A Pragmatic Approach in resolving Palk Bay Issue

Context:

• After a gap of 15 months, the India-Sri Lanka Joint Working Group (JWG) on fisheries held its much-awaited deliberations (in virtual format).

Background:

• Though this is a good initiative, there are some unfortunate incidents which have occurred in the region.
• Mid sea clashes in the region among the fishermen of both the countries have led to loss of lives.
• Sections of fishermen from the Palk Bay bordering districts of Tamil Nadu continue to transgress the International Maritime Boundary Line (IMBL), cases of many of them getting arrested and their boats being impounded by the Sri Lankan authorities continue.

Bottom Trawling – The bone of contention

• Another point of concern between the two countries’ fishermen is the employment of mechanised bottom trawlers; however, the controversy is not limited to the two countries.
• This kind of fishing, which was originally pushed by Indian government, is now widely recognised as being severely harmful to marine ecosystems, and India has acknowledged this.
• The acts of Tamil Nadu fisherman have a negative impact on their Northern Province counterparts, who are likewise attempting to adjust to life following the civil war.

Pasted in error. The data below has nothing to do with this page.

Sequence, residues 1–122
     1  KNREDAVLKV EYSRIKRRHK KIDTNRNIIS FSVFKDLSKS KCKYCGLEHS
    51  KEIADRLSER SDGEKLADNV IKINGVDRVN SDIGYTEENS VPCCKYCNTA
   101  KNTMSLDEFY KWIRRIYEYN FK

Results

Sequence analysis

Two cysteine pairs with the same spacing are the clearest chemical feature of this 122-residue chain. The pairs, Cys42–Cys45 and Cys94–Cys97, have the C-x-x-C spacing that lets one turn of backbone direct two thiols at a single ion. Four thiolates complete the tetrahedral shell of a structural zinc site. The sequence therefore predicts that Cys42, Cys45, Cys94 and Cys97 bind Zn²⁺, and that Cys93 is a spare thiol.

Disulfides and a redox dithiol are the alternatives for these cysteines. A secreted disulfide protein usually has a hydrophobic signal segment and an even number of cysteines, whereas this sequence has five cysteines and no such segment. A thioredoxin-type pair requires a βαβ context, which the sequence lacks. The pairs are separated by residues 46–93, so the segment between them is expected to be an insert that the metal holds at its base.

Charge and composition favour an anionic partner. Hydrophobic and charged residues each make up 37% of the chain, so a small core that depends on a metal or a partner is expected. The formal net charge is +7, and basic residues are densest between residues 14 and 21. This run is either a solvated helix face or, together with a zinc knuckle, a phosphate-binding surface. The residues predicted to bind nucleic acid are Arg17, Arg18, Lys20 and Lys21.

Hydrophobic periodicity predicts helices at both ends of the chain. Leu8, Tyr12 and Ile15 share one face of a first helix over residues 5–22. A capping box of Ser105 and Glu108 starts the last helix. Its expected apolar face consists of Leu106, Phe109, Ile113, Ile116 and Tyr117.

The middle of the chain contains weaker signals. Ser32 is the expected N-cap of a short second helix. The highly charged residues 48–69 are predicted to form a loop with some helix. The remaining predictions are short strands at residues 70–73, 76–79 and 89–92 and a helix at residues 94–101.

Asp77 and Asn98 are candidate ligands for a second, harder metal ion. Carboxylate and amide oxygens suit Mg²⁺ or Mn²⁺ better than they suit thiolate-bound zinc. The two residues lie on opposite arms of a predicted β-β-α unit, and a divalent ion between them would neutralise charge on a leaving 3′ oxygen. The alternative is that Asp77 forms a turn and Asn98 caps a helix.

• The island nation’s continuous economic turmoil has only exacerbated their predicament.

Problems faced by Fishermen of Tamil Nadu:

 

• Tamil Nadu fishermen have a serious difficulty as a result of the IMBL’s demarcation in June 1974: a lack of fishing areas. If they stick to Indian seas, they’ll find that the fishing area is full of rocks and coral reefs, as well as being shallow.
• The highest distance between Dhanushkodi (Tamil Nadu) and the IMBL is nine nautical miles (NM), whereas Devipattinam and the IMBL is 34 NM.
• Mechanised fishing boats are only allowed to fish beyond 3 nautical miles from the coast under the Tamil Nadu Marine Fishing Regulation Act 1983. This explains the fishermen’s habit of crossing the IMBL on a regular basis.

Way Forward:

• India will have to modify its scheme on deep sea fishing to accommodate the concerns of its fishermen.
• Also, there is a compelling need for the Central and State governments to implement in Tamil Nadu the Pradhan Mantri Matsya Sampada Yojana in a proactive manner.
• The scheme, which was flagged off two years ago, covers alternative livelihood measures too including seaweed cultivation, open sea cage cultivation, and sea/ocean ranching.

Source: THE HINDU.

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